I have been an iPhone owner since the very first one was released in June of 2007. Â I, like many others, was captivated by this computer in my pocket, and was extremely excited about its potential. Â I have been able to finagle my way into buying an iPhone every years since than, except for the iPhone 3G–I wasn’t eligible for an upgrade since I purchased the first gen iPhone a few months before the 3G was released. Â I have been an early adopter, and have either pre-ordered and picked up on launch day, or purchased a new iPhone at an Apple Store the day it went on sale.
This year, however, the planets didn’t align properly for me to make that happen on time. Â I was up at 2:45 to pre-order, but both the Apple and AT&T servers were strained past their limits, pushing my delivery time out 1-2 weeks for my 128 GB 7 Plus in Black. Â Between Apple’s “iconic design” being good enough for the masses and those consumers who had theirÂ upgrade cycles fall on this year, the iPhone 7 and 7 Plus was still in high demand. Â As I watched others cheer with delight as they tracked and received theirÂ new iPhones, all I could do was wait–until yesterday. Â My new iPhone was delivered over a week ahead of schedule, and so far, I couldn’t be happier. Â Let me share with you some of my initial thoughts and observations after only one day of use.
I’m sticking with my 6S Plus this year, but I was talking with a friend of mine yesterday about his pending iPhone 7 Plus. We were discussing the features he was most looking forward to, and what he thought of the change in the home button from a physical to a haptic control. My friend was looking forward to the changes, but expressed something that surprised me: that the iPhone 7 isn’t new enough because it doesn’t have a dramatically different physical design.
I have trouble with this aspect because, to me, the iPhone has always been about what it enables me to do. I do like the physical design and I do still find myself drawn to the pure white front and curves on the 6S Plus, but I still see the similarly-shaped iPhone 7 â€” especially the 7 Plus â€” as a new device.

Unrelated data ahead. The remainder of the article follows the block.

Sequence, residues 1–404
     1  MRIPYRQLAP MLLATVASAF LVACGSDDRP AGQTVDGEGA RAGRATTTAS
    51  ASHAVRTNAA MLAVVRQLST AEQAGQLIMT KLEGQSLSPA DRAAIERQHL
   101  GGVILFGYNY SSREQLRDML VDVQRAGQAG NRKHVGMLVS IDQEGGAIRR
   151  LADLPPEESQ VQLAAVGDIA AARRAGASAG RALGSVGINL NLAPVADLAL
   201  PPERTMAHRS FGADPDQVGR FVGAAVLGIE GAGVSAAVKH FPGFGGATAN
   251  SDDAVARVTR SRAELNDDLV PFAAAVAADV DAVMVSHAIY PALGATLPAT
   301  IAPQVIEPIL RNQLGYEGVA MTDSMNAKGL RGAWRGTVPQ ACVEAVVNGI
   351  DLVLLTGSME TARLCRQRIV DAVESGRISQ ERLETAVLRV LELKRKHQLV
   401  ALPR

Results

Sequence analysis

TheÂ internals have changed enough that there should be significant differences in whereÂ and howÂ you can use this new iPhone.
The removal of the 3.5mm jack comes as no major surprise due to all of the advanced leaks, but it’s still a fact that will take a while for even the most die-hard Apple fans to digest. The ubiquity of the 3.5mm headphone jack has been something we’ve all come expect in electronic devices, but it’s also at odds with consumer expectations that devices should get thinner, lighter, and faster every year. Every once in a while something has to give to make space for major new features, and this time it was the headphone jack’s turn.
The iPhone wasn’t the device to get me interested in photography. I’d always had a passing interest in being able to take pictures wherever I was, and I purchased the Sony Ericsson K750i for exactly that reason. It had a 2 Megapixel camera with auto-focus, and it was really freeing to be able to whip out a camera without dealing with any extra bulk.
The iPhone 3GS, iPhone 4S, iPhone 5S, and the 6S Plus served me well, and carried on in the tradition of the K750i. They were my everyday cameras and I snapped shots simply to preserve memories, and also to try and take some beautiful pictures. Every iPhone upgrade made strides towards higher overall image quality, and better low-light performance. Alongside the speed improvements, imaging was the biggest reasons I’d shell out for a new iPhone every two years.
Iâ€™ve spent a good nine months with the iPhone 6S Plus. I didnâ€™t go for Appleâ€™s larger phone when they released the first iteration. I liked having an iPhone that was large enough to read on, but small enough to remain pocketable with any pair of pants. But battery life issues (caused by my Apple Watch) and curiosity eventually overcame me. I had to see what the fuss was all about and see for myself whether the larger screen really was a game changer.
Da Bigger Screen
Itâ€™s usually Appleâ€™s powerful marketing campaigns that convince me that I really should try their shiny new thing. But in the case of the iPhone 6S Plus, it was actually my friends that were the biggest influence. I have a lot of non-techie friends at work who donâ€™t normally care about which device they keep in their pockets, but the larger phone really made a difference to them. They used the 1920 X 1080 screen for quick references during presentations, viewed storyboards, and even wrote articles on the thing.